Android 4.1

In the process of working on the Nexus 7 review I dusted off (literally) my Kindle Fire, powered it up and checked for updates expecting to find tons. I found none. The Kindle Fire is still running 6.3.1, released a few months ago, and more importantly it's still relying on the CPU for a lot of drawing, which means the UI isn't smooth. Scrolling in Amazon's Silk Browser is fast, but only because the Kindle Fire drops a lot of animation frames. The experience is jarring, and much better on the Nexus 7 by comparison.

While the Kindle Fire's OS looks like a polished, previous generation of Android, Android 4.1 delivers much of the smoothness of the iPad's iOS. Don't get me wrong, there are still some rough edges and hiccups. Project butter or not, Android 4.1's UI performance is still not perfect, but it's nearly so, and it's miles better than the Kindle Fire.


Nexus 7 running Kindle for Android (left) vs. Kindle Fire (right)

The Kindle Fire's carousel of previously used apps and media is smooth, but browsing the web on it is a mess compared to the Nexus 7. What's even more embarrassing for the Fire is even the Kindle app on the Nexus 7 delivers a smoother experience. Couple that with a warmer display and you actually have a better Kindle in the Nexus 7 than with Amazon's own device. When the Kindle Fire was released, its imperfections were easily overlooked since the Fire was so much better than any prior $199 tablets. The Nexus 7 dramatically raised the bar in the experience department.

Even compared to the Transformer Pad Infinity, the Nexus 7 feels faster thanks to UI speed improvements in Jelly Bean. The entire OS feels snappier, despite running on technically slower hardware.

What sets a tablet apart from a smartphone isn't just physical size, but also applications that take advantage of the size/resolution. Google attempts to deliver this with giant widgets that serve as portals to your content. The My Library widget automatically populates itself with books, magazines and movies you've purchased from the Google Play store. The result is quite impressive:

Start adding more conventional shortcuts to your home screen and the illusion quickly collapses, but I do believe the well laid out main home screen is what Google originally intended with widgets on Android.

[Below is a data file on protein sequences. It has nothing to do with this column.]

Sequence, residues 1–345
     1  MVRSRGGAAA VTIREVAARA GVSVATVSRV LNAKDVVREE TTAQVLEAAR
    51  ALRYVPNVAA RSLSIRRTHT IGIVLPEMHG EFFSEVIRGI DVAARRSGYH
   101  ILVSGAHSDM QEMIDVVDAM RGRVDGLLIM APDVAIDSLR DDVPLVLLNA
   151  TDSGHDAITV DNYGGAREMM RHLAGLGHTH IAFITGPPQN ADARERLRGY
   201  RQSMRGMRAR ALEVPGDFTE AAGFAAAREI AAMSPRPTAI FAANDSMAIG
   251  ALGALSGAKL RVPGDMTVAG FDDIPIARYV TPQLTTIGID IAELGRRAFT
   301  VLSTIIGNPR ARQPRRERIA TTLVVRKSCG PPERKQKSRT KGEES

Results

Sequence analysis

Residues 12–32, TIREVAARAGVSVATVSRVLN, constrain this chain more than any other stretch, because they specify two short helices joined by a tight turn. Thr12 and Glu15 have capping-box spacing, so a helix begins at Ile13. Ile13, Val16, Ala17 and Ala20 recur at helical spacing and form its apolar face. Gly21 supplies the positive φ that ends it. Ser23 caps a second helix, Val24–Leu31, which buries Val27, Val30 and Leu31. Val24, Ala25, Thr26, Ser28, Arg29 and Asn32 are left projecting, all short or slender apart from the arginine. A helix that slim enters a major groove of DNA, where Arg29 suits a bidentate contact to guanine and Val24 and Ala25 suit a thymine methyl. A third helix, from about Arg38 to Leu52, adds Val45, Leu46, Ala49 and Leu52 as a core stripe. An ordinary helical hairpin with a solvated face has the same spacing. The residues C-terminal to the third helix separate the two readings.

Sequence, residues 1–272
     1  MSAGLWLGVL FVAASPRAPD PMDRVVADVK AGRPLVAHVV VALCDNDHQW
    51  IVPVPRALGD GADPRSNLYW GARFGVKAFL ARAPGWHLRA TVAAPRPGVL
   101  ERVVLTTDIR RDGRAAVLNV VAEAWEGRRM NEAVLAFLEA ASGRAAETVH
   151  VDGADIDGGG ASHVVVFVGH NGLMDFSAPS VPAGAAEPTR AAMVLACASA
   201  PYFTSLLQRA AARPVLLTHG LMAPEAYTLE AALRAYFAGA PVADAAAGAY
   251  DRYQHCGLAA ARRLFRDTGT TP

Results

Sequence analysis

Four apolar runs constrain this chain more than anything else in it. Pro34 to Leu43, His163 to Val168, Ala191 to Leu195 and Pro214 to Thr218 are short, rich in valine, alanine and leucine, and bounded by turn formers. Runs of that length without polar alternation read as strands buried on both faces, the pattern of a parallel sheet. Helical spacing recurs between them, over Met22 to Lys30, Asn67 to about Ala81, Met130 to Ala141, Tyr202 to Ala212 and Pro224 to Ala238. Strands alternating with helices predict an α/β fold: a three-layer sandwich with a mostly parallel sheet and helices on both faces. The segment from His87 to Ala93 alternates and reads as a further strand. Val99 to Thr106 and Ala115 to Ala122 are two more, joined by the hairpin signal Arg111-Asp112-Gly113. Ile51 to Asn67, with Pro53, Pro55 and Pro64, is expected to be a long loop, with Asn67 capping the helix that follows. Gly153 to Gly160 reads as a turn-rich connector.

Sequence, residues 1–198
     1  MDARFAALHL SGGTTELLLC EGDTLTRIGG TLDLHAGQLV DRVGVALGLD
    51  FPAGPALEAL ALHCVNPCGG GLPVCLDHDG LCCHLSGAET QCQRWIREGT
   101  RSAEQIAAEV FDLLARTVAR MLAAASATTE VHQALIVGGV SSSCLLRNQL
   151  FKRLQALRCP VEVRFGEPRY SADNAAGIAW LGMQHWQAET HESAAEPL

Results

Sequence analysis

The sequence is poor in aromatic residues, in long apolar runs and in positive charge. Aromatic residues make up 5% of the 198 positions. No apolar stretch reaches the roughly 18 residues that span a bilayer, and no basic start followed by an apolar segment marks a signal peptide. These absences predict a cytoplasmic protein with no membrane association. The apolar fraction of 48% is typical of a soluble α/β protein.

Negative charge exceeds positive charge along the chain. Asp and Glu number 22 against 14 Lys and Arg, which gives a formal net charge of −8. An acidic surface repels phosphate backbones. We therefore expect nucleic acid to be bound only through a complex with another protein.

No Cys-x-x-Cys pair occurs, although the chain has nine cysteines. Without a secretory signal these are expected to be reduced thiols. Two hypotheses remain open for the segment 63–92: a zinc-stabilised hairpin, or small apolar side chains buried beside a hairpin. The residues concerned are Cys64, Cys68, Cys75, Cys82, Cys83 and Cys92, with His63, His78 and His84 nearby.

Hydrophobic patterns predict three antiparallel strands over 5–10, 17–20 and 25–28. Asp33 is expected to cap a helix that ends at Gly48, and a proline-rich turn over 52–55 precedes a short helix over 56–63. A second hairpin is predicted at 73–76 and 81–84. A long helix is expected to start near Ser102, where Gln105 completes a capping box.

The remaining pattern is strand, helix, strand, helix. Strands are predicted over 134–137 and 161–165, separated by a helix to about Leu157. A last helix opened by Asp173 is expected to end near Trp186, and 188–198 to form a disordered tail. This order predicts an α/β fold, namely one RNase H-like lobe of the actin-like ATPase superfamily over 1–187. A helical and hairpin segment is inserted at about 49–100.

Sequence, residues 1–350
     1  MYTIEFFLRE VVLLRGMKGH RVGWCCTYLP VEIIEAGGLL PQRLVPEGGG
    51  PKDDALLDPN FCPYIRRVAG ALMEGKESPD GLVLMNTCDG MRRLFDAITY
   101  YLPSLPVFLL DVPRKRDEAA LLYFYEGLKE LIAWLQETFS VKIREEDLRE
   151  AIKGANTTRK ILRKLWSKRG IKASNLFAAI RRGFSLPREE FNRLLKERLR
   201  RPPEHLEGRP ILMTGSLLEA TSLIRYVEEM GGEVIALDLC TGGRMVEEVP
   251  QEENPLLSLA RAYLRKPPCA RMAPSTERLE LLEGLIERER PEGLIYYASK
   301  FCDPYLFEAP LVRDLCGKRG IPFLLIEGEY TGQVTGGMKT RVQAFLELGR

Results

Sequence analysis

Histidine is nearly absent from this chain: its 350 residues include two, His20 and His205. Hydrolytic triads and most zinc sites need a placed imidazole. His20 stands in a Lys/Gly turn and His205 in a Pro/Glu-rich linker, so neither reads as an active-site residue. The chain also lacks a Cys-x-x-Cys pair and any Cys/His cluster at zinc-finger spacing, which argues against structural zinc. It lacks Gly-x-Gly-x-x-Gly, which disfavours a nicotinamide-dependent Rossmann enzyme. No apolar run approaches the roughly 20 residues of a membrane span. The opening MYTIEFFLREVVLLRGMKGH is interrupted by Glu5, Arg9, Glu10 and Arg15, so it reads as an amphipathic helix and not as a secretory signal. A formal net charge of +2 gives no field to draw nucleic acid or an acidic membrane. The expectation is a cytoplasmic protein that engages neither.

As an eReader I'd argue the Nexus 7 is at least as good as the Kindle Fire. You can debate the pros/cons of books from Google Play vs. Amazon's Kindle store, but the fact is that both are available on the Nexus 7. The Kindle app for Android works well (as I've already mentioned), although for actual shopping you'll have to use Amazon's website. A small price to pay for a much better tablet experience everywhere else.

In all honesty, that's what you really give up when picking the Nexus 7 over the Kindle Fire - you lose the tightly integrated Amazon shopping experience. You also lose Amazon's video streaming service, which presently doesn't have an Android client.

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  • chrnochime - Thursday, July 26, 2012 - link

    Great product for those who don't mind reading on a 7" screen, but for me even the 10" gets tiring after a while, though considerably less so than a 7".

    I am amazed at those who are able to read the tiny texts on a 7" for a prolonged period of time. Tried that with a 10" and couldn't last more than 1hr. Uh.
    Reply
  • amdwilliam1985 - Thursday, July 26, 2012 - link

    Tell that to the girls who are reading on iPhone with 3.5", I can barely see the tiny texts on their screen.
    Going from 3.5" to 7" will 4x their reading area, will make a heavenly difference for them.
    Reply
  • jamyryals - Thursday, July 26, 2012 - link